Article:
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The Resilience Hub & Portland Maine Permaculture Message Board › Heather- Calluna vulgaris

Heather- Calluna vulgaris

Jesse S.
user 29709632
Harrison, ME
Post #: 107
I'm interested in getting anyone's experience with this plant. Have you grown it or encountered it growing wild?
A beautiful multi-use plant with a looooong history of utilization. I want to have it for bee forage, and for brewing gruit. I'd be happy to trade or share with anyone who has some which could yield divisions or cuttings.
Tyler O.
TylerOmand
Greenbush, ME
Post #: 34
I am also very interested in any possible trades with anyone with any cultivars or unnamed heathers, from heat tolerant to cold hardy. Also any heaths that anyone has I would love a clump of. I purchased 'firefly' and 'bradford' heathers from fedco, and will be planting them this spring with some blueberries under some young red oaks. In eastern North America, other members of the Ericaceae family often grow in association with an oak canopy, in a type of ecology known as an oak-heath forest. Also it is worth noting that ericaceous plants like blueberry, azalea, rhododendron, and heathers form associations with ericoid mycorrhizal fungi, and pines, firs, oaks, hazelnut and birch form associations with ectomycorrhizal fungi.
I am interested in heather for multiple reasons: honey bee and pollinator forage, brews, our homemade bath and body products, its a great companion to other acid loving plants in drier areas (or in huglemounds or raised beds in wetter areas), its growing characteristics, my wife Heather and I love Scottish ale brewed with heather and because it tolerates poor, rocky soil. Also I would love to install some clumps of it on the bank along the road at the beginning of my driveway because it is very salt tolerant (our town doesn't use salt as of right now, only sand, but I believe that its nice to have these salt tolerant species there anyways for the salt residue that might possibly come off of passing vehicles. Does anyone know if anyone has ever done tests to analyze different plants reactions to typical roadside doses of the calcium chloride brine mix that is applied on a lot of state maintained roads? Its use should probably be outlawed.) Once our clumps of heather from fedco are established I would love to trade.
Jesse S.
user 29709632
Harrison, ME
Post #: 109
Heather ale...mmmmm Where'd you pick that up, Tyler? It'd be worth keep an eye out for heather that's naturalized here in Maine, I've read that there could be wild patches around. If anyone knows of such a place, please alert me.
Tyler O.
TylerOmand
Greenbush, ME
Post #: 37
Penobscot Bay Brewery (a division of Winterport Winery) in Winterport makes an awesome scottish ale brewed with heather, mmmmm Delicious. Besides the smaller stores that specialize in brews and spirits, I have seen it at hannafords.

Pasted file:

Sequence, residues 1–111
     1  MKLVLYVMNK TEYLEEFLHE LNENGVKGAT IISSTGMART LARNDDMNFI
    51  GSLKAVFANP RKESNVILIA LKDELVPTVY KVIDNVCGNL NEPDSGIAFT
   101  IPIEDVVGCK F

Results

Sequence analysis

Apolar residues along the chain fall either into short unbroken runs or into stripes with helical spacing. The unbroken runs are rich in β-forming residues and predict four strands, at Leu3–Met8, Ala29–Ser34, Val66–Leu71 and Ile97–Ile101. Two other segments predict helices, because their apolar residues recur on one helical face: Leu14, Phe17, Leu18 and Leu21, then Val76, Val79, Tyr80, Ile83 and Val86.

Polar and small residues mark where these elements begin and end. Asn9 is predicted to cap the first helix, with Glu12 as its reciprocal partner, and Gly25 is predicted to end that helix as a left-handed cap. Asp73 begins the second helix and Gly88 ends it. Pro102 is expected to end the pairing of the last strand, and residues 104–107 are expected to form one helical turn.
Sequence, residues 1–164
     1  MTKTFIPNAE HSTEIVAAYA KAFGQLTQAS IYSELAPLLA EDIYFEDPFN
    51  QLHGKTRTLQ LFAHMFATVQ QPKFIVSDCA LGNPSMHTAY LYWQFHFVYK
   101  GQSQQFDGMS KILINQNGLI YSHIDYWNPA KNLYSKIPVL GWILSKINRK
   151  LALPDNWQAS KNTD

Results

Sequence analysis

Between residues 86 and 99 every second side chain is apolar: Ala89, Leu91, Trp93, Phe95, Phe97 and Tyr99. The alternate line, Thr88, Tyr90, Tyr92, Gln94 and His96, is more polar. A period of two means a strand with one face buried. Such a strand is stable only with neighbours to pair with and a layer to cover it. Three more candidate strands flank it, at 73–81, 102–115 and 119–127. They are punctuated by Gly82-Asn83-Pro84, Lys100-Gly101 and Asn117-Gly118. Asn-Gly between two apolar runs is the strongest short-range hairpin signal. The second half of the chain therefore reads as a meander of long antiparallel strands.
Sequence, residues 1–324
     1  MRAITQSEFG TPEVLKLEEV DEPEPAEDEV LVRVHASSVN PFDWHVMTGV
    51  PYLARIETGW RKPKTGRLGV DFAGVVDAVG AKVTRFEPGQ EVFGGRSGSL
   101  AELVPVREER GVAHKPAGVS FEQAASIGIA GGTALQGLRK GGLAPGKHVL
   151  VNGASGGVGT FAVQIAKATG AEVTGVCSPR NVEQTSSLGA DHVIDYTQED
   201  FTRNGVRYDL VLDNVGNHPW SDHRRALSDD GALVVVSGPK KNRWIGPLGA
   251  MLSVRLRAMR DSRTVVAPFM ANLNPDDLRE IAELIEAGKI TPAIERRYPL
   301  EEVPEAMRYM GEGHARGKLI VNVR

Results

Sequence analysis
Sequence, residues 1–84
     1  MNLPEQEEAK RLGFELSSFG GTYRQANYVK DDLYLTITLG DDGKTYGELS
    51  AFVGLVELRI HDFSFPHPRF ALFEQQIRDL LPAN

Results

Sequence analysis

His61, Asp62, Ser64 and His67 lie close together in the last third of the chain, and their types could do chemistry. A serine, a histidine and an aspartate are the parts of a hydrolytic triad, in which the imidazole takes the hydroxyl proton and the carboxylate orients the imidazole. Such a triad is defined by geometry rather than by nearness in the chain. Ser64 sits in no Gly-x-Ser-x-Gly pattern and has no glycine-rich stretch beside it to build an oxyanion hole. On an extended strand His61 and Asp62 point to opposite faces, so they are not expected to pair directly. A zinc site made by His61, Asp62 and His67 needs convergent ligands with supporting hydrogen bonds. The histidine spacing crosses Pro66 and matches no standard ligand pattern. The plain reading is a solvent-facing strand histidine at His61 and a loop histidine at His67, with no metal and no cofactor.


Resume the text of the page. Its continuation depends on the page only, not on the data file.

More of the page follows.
Jesse S.
user 29709632
Harrison, ME
Post #: 111
I'll keep a watch for that one....
I've been enjoying reading 'Sacred and Herbal Healing Beers' by S. Buhner- looking to expand my own brewing palate with additions of various herbs beyond hops. What's quite exciting to me, as a forager and wildcrafter, is how many of these plants are out there growing in our backyards, fields, woods, and wetlands. Examples are Sweet Gale, Labrador Tea, Yarrow which form the herbal basis for gruit beer. While I wait for summer to find and harvest those, I'm going to try out a tree-based recipe that will give our xmas tree a second life: Fir Ale!
Tyler O.
TylerOmand
Greenbush, ME
Post #: 38
Awesome Jesse, that book has been on my wish list for quite a while, can't wait to acquire and read it. I am currently reading Water for Every Farm By Yeomans, Tree Crops by J.R. Smith, and Teaming with Nutrients by Jeff Lowenfels, with another 8 books on deck after those. I think I might have to finally teach myself how to completely photo read to read all the books I want to read in my lifetime and still have time to farm. I am very interested to hear more about this fir ale and about your further adventures in brewing.
Dennis
user 87611852
New Gloucester, ME
Post #: 49
Thanks guys, for posting that information. I made my first batch of ale, last October and it came out pretty good. I have always wanted to make a gruit.

Here are 2 YouTube video links that revealed much about how to do it and what to expect:

1. My First Attempt at Gruit
http://www.youtube.co...­

2. Immolateus brewing a Gruit at BHbrewing's place!!
http://www.youtube.co...­
Dennis
user 87611852
New Gloucester, ME
Post #: 50
Hi Ya'll,
I just watched a couple of YouTube videos regarding Yarrow, which is used as a bittering agent in gruit. Incidently, history shows that the Catholic Church band the use of natural herbs, in place of hops. It turns out that hops are high in estrogen and make men less aggressive and more depressed.

The gal on the video stated, "(hundreds of year ago) It was discovered that hop pickers could not get an erection for several hours after a day of picking. That was just from the estrogen that was absorbed through the skin, now imagine drinking it."

Wild Medicinal Yarrow pt 1
http://www.youtube.co...­

Wild Medicinal Yarrow pt 2
http://www.youtube.co...­
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